Heart And Soul (Magical British Empire book 3) by Sarah A. Hoyt (book review).

‘Heart And Soul’ concludes the epic story which began in ‘Heart Of Light’ and continued in ‘Soul Of Fire’. As I read these some time ago and have read a lot of other stuff in between, it was confusing at first but this is often the way with trilogies. Really the best thing is to wait until they’re all published and read them at once but then the author would either go broke or get disheartened because no one had bought book one and wouldn’t bother writing books two and three. There would be no more trilogies! I am not altogether sure this is a bad outcome.


To be fair, I’ve quite enjoyed ‘Heart And Soul’ and to make things easier Hoyt gives us a nice plot summary on pages 17-18 so one’s confusion is blessedly brief. The way it happened was like this: two jewels form the eyes of the oldest avatar of mankind, which is located in a village in Africa. An avatar is an incarnation or embodiment of a person or idea or the manifestation of a deity in bodily form on Earth. The jewels held all the magical power of the world. When Charlemagne sent an envoy to steal the jewels, the rotten swine only managed to get one, but that was enough to give the Emperor power over all Europe. Several centuries later, the magic power is diluted and dispersed through his descendants, the ‘nobility’ of Europe. Nobles being what they are, it has been further diluted through illegitimate offspring and now many people have a bit of magic power. Queen Victoria of England is dying and wants to get all the power back in her own hands and so sent agent Nigel to Africa to get the other jewel.

This next bit spoils the first two books so skip it if you want to read them first. Nigel discovered that his Queen was up to no good and teamed up with Peter Farewell to keep the jewels safe. Nigel gained the Heart of Light and his friend Peter went off to India and procured Soul of Fire then handed it over to his chum to take back to the Africa and hide. Nigel is on a mission to do this when dastardly Chinese pirates descended from an ancient emperor attack the carpetship he is piloting.

Carpetships are flying carpets which support the apparatus of a ship, be it merchantman, cruise liner or whatever. The pilots need magic to fly them so most pilots are disgraced nobles who have fled England because they got the scullery maid pregnant or their gambling debts caught up with them. A bad bunch generally but the job is good cover for Nigel. To complicate matters, there are were-persons – were-dragons, were-foxes and so on – who are powerful but generally shunned. There is a were-hierarchy. Dragons are at the top but sly, tricky were-foxes are not well regarded. I suppose were-rats are bottom of the heap but there are none here to judge. All in all, it’s a clever and well wrought fantasy setting.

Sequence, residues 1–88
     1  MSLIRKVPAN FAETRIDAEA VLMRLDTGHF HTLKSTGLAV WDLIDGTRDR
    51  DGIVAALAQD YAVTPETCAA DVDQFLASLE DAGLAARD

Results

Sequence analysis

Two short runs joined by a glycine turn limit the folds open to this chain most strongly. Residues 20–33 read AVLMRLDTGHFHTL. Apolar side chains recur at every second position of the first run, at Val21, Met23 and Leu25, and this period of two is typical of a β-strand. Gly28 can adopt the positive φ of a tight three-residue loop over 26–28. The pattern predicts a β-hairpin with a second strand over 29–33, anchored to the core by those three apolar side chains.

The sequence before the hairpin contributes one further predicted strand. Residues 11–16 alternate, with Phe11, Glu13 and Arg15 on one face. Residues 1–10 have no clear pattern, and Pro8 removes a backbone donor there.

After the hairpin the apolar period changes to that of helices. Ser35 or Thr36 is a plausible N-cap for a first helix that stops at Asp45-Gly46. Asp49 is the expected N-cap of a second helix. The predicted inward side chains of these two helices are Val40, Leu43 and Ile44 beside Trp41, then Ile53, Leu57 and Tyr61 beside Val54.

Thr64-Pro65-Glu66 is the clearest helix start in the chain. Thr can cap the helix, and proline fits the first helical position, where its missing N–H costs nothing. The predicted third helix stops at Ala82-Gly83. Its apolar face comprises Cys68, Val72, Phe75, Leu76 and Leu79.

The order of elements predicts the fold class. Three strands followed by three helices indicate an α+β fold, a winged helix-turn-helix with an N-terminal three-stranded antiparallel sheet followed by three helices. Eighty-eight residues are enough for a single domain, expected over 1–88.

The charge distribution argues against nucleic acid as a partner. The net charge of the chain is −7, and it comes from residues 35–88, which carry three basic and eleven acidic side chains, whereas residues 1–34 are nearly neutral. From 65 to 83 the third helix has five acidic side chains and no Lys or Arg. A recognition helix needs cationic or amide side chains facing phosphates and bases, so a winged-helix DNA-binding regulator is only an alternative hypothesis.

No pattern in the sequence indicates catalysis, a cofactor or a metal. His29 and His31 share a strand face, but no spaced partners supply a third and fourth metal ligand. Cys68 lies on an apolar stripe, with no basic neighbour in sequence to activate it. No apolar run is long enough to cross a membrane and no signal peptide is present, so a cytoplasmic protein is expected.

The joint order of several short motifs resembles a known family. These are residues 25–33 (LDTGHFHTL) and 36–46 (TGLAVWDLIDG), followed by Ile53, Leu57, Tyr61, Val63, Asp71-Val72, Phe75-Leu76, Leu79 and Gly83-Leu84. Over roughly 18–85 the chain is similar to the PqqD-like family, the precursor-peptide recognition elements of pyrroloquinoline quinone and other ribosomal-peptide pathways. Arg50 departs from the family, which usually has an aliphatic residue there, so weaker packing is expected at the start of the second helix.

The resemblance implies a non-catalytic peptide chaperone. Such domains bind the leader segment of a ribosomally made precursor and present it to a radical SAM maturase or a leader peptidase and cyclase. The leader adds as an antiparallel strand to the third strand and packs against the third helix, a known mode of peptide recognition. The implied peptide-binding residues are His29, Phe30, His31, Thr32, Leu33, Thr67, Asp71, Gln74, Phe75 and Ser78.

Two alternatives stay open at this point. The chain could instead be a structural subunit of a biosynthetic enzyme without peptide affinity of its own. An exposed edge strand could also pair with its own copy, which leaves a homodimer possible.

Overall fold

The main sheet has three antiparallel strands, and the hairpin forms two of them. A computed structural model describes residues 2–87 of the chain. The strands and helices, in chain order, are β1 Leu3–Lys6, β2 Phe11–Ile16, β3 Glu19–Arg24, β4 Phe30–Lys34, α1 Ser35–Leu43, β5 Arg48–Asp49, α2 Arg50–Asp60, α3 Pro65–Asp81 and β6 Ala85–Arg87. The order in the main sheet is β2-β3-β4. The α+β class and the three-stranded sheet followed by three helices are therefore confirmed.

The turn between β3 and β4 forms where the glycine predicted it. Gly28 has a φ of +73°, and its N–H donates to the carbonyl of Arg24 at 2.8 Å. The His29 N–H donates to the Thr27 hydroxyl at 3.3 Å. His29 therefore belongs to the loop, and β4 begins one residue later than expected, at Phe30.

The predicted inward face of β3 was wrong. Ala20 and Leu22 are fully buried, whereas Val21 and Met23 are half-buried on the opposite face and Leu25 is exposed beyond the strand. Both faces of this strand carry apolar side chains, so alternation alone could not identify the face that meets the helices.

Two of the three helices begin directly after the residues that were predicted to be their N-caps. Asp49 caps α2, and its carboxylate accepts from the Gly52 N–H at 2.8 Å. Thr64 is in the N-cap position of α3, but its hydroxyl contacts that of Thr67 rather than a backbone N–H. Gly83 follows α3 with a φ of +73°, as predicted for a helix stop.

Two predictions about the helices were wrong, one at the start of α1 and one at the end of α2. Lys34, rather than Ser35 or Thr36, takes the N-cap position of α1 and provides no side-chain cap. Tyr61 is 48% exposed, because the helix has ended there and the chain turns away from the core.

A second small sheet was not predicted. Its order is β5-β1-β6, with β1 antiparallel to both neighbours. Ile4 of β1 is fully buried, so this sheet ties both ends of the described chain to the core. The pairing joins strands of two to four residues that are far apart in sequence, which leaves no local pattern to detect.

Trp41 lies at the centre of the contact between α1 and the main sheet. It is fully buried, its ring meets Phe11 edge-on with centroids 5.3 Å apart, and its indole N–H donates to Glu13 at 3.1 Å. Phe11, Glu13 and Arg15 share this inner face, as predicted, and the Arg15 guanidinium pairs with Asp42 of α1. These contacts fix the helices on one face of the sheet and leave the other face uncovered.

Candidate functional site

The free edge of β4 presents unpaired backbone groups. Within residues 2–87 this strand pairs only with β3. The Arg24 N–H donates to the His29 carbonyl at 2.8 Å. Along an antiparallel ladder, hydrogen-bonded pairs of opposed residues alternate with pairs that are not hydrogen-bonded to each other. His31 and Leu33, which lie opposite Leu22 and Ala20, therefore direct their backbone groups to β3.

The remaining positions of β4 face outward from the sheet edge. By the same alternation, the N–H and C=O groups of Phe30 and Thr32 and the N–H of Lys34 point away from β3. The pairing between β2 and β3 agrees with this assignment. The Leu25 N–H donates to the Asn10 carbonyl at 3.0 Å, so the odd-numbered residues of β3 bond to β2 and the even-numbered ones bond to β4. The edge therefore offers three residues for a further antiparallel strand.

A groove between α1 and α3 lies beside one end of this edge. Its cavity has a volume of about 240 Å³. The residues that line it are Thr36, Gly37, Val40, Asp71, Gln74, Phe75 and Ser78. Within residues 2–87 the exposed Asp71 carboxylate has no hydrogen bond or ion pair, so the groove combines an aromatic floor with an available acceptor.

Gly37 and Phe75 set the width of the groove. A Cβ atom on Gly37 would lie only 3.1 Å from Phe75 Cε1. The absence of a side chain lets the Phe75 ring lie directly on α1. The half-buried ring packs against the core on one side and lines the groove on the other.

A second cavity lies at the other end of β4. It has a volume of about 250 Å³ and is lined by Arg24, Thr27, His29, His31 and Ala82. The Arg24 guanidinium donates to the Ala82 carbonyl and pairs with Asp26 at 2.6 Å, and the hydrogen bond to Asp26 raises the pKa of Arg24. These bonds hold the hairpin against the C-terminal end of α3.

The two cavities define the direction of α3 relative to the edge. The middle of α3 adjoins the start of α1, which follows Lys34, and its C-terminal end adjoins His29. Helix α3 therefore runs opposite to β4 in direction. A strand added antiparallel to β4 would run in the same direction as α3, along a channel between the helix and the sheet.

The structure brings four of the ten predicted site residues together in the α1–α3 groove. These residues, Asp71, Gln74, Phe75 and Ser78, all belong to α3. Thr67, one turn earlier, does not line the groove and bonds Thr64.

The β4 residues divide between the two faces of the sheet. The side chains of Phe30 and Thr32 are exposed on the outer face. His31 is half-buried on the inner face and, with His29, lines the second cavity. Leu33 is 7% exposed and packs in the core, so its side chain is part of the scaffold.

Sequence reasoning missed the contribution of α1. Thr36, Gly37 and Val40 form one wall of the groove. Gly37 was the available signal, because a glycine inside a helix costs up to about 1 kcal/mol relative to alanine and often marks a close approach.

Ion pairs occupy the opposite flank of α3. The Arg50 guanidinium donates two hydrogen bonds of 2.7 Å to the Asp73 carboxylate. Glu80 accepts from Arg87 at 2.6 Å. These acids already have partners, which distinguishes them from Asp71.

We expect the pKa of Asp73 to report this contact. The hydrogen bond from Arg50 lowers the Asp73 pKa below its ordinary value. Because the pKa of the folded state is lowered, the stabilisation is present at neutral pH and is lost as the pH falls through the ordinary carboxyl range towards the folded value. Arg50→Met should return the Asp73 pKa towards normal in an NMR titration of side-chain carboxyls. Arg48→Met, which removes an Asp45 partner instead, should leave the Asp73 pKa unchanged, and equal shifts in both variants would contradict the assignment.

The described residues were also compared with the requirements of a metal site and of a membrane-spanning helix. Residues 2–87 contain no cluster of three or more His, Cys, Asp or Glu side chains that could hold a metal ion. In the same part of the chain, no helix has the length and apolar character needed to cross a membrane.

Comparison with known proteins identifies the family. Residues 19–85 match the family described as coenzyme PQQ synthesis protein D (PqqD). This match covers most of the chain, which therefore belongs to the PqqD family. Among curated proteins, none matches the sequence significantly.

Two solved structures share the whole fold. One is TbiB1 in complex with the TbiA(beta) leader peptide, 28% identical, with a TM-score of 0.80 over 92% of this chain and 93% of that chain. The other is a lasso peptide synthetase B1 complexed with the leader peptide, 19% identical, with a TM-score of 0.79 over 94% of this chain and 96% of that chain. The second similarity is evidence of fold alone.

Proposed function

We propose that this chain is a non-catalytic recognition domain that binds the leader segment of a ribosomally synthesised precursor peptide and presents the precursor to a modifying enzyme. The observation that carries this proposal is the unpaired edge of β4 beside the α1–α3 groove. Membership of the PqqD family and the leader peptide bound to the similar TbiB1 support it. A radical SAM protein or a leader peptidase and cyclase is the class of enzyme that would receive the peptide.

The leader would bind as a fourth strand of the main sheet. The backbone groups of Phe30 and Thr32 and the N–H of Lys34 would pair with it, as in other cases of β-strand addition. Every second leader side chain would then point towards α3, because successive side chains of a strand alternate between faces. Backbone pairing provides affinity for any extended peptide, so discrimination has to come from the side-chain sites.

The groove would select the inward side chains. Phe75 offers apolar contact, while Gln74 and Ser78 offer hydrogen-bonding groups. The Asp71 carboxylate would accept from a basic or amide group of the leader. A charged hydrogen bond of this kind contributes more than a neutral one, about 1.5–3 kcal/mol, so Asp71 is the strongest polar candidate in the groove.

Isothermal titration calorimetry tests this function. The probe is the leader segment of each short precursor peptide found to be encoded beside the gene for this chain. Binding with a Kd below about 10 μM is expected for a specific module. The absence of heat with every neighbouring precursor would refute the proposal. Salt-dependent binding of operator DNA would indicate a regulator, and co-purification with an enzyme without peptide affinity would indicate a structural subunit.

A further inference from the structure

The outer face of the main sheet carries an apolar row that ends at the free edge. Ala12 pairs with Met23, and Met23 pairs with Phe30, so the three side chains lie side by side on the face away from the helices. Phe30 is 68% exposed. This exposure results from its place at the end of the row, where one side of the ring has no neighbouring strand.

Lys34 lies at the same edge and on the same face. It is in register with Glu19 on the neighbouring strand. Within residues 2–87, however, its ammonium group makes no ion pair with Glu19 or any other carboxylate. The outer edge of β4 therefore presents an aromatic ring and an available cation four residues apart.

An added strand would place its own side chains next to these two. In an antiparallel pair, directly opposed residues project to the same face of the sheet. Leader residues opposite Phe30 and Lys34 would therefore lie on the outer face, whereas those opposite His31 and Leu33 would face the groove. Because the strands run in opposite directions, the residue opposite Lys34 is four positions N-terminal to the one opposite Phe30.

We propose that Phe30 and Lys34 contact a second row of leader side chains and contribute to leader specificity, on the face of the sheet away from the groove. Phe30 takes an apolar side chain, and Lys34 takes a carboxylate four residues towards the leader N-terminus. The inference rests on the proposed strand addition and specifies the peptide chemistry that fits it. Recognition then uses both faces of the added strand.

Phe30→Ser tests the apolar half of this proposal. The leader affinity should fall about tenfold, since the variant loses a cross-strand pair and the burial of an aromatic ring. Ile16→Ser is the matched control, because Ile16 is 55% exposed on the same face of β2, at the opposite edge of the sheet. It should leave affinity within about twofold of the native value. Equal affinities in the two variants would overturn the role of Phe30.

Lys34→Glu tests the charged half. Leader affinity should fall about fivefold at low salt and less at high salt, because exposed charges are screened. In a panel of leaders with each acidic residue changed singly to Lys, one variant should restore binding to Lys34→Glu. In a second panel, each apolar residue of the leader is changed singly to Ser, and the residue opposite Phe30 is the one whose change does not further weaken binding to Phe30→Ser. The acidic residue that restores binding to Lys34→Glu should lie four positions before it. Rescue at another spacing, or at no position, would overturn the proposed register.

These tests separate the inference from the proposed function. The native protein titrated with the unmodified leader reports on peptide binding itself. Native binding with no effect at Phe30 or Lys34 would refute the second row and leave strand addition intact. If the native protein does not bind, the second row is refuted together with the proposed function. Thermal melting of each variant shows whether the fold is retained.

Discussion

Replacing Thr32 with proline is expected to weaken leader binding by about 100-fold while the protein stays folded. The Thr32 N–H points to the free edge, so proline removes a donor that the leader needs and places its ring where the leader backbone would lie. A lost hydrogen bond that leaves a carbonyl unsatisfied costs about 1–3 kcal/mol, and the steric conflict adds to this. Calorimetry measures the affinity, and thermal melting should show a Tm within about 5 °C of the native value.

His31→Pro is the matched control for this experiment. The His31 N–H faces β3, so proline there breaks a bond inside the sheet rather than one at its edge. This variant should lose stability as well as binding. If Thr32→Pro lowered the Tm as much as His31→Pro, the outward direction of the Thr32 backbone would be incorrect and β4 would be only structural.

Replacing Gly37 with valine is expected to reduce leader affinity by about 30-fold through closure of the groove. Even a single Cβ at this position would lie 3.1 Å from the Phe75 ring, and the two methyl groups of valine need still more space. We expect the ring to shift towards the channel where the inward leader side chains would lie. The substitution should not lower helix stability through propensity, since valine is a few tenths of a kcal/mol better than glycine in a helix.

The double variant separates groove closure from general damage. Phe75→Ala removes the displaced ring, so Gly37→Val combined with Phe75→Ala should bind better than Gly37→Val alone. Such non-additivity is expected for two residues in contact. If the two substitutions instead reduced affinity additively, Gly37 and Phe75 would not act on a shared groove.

Furthermore, the Dragon Emperor, the rightful ruler of China, has just died. He was currently chief of a bunch of pirates but he was also a mighty were-dragon. His son and heir is an opium addict. But the Dragon Emperor also had a daughter, Red Jade, the result of a dalliance with an English concubine captured in a raid on a carpetship. Red Jade teams up with the son’s third wife, Third Lady, to try and restore the dynasty to the throne usurped long ago by others. Meanwhile, the evil Zhang, the late Emperor’s top official, seeks power for himself.

‘Heart And Soul’ passes the time pleasantly. The adventures of Red Jade, Third Lady and Nigel are well told. The story is narrated from their points of view, using the classic technique of a chapter each so that at a moment of crisis we skip to another viewpoint and come back later. I particularly enjoyed the descriptions of the Chinese Hell. As in the previous two books, there’s quite a lot of love interest but it’s not overdone and Sarah A. Hoyt is a girl, after all. They are romantic, you know, and a lot of them read fantasy fiction and like that sort of thing.

They will like this, I think. Even brutish men might enjoy it. I did.

Eamonn Murphy

(pub: Bantam Spectra. 4752 page paperback. Price: $ 6.99 (US), $ 8.99 (CAN) ISBN: 978-0-553-58968-9)

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Eamonn Murphy

Eamonn Murphy reviews books for sfcrowsnest and writes short stories for small press magazines. His eBooks are available at all good retailers or see his website:

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